Monday 16 October, 2017
Calls for Racial Profiling Monitoring go international
A coalition of 56 Australian non-government organisations have called upon all Australian state and federal governments to adopt measures to track and record racial profiling throughout Australia.
In a comprehensive report released today in Geneva, that outlines Australia’s level of compliance with our obligations under the International Covenant of Civil & Political Rights (ICCPR), advocates state Australia should ensure that state and territory governments implement data-collection schemes to monitor and publicly report on incidences of racial profiling by police.
A coalition of Australian NGOs is in Geneva to brief the UN Human Rights Committee – the panel of independent human rights experts tasked with assessing Australia’s adherence to the International Covenant on Civil and Political Rights (ICCPR). The delegation will present a report endorsed by 56 Australian NGOs.
“The independent body must have features to ensure that investigations are effective, comprehensive, prompt, and transparent, subject to public scrutiny and, in the case of deaths in custody, involve the family of the deceased.”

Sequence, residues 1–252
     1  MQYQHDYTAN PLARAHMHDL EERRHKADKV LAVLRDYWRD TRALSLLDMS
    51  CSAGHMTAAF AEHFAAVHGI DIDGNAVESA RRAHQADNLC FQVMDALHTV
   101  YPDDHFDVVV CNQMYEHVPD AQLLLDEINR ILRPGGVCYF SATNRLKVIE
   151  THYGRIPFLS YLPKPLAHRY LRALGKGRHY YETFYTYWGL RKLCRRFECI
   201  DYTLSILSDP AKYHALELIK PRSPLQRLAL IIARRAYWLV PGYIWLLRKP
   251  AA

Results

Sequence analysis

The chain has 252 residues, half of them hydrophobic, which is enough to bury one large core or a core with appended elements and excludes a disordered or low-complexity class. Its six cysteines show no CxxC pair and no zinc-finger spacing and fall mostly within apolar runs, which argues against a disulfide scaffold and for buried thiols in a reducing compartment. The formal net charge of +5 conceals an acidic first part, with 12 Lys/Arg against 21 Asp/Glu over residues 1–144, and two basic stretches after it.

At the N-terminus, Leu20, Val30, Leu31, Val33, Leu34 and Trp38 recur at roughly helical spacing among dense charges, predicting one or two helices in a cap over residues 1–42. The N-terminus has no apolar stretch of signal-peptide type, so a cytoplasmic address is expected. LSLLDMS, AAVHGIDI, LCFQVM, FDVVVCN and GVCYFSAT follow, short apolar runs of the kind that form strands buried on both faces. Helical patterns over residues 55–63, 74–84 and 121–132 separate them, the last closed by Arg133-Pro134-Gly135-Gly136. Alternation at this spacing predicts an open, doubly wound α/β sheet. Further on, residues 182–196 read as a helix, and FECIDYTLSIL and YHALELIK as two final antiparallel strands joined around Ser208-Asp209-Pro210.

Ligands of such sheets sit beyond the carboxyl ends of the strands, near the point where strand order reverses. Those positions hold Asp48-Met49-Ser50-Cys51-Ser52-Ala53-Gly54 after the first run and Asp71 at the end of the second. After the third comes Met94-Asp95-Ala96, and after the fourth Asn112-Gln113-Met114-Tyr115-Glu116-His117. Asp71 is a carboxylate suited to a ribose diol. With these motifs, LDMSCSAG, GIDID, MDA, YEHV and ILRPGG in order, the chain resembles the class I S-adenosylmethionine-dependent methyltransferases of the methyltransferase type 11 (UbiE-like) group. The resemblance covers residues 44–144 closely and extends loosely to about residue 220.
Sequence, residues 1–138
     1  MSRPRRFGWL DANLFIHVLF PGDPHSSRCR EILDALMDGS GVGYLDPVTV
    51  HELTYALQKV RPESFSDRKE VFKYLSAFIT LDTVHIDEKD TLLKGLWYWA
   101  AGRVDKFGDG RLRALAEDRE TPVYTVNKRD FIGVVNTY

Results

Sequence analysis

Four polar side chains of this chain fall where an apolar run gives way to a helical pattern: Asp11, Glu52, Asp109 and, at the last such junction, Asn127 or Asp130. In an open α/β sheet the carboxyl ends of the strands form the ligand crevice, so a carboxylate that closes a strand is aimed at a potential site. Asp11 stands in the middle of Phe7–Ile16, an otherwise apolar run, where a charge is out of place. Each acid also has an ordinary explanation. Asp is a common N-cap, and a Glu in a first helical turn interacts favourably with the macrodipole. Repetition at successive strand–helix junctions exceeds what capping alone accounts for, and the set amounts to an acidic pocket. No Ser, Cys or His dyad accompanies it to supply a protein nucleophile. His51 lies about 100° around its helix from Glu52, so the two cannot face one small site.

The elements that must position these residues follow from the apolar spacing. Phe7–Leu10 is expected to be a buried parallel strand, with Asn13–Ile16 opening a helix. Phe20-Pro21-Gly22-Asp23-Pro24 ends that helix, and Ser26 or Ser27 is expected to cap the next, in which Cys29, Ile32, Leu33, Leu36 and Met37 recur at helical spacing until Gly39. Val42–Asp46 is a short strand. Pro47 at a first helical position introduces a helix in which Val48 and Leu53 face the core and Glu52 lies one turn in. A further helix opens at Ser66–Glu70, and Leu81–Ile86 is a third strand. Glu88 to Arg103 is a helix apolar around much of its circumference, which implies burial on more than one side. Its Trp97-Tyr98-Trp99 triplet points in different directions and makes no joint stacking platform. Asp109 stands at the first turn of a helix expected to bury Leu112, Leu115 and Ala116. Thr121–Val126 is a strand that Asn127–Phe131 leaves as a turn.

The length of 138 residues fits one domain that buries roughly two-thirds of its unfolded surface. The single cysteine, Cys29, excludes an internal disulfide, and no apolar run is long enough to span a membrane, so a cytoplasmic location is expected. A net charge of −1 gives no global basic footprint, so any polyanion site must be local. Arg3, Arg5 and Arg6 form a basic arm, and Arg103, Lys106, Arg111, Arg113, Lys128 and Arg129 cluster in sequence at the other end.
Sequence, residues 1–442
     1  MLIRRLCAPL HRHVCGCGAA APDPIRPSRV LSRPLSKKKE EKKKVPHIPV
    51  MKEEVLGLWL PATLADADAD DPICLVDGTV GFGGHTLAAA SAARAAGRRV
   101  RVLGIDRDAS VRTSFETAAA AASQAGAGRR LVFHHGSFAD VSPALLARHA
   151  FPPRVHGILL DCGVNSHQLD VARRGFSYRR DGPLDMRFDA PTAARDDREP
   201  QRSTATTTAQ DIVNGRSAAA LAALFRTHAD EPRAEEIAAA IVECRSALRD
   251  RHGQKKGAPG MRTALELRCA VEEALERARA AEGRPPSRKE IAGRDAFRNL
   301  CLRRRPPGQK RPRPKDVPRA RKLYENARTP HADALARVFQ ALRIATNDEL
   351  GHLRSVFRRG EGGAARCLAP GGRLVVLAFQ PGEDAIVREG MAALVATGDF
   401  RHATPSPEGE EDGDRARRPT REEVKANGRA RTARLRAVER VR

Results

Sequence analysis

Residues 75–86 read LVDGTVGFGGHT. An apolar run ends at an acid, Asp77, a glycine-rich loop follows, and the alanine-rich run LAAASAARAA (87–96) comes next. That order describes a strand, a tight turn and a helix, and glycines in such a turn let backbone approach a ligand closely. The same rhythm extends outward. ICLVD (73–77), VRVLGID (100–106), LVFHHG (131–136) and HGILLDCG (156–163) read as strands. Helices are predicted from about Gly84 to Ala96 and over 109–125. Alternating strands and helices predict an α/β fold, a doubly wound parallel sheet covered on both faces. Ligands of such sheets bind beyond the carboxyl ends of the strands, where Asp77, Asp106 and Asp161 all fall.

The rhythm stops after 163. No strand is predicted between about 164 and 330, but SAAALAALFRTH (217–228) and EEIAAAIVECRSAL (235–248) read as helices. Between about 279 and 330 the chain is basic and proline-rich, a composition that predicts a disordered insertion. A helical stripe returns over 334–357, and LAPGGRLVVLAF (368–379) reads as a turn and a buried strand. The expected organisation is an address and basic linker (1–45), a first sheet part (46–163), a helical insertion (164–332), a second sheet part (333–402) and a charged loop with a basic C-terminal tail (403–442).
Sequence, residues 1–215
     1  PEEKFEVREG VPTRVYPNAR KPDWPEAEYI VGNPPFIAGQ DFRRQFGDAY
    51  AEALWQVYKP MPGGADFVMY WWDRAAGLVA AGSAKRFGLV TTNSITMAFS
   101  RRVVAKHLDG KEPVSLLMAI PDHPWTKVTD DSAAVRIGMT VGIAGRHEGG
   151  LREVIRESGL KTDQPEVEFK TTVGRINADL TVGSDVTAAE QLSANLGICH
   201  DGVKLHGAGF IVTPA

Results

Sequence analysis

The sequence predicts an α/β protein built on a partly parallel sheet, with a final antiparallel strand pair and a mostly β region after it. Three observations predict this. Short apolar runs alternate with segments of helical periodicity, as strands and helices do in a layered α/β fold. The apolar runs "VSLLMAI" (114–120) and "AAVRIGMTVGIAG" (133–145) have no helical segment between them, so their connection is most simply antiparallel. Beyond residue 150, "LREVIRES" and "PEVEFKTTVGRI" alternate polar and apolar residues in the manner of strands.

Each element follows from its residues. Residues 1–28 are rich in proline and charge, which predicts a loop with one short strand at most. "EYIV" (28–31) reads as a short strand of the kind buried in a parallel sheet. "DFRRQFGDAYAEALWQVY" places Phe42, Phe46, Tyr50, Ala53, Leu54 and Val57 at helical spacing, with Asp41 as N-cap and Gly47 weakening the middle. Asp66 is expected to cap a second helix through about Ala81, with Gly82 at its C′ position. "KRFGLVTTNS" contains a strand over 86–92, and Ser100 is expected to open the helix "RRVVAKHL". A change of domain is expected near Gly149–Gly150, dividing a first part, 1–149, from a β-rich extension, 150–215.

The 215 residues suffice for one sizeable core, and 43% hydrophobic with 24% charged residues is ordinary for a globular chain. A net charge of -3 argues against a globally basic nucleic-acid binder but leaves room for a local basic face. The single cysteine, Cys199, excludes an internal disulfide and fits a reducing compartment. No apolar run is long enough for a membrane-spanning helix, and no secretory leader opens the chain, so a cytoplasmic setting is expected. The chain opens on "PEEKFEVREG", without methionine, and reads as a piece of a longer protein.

The report highlights that “no Australian jurisdiction has established a system for independent, impartial investigation of deaths in police custody or of allegations of torture and mistreatment. Complaints against police officers are primarily investigated by other police officers, usually from the same law enforcement agency.”
“We know that when police self-investigate, as happens in Victoria, complaints are overwhelmingly returned unsubstantiated. The police complaints system in Victoria requires urgent overhaul to meet international human rights standards,” said Mr Kelly.
The report can be downloaded here (PDF).
Report on Australia’s human rights record to be scrutinised by UN committee, Ben Doherty, The Guardian, 16 October 2017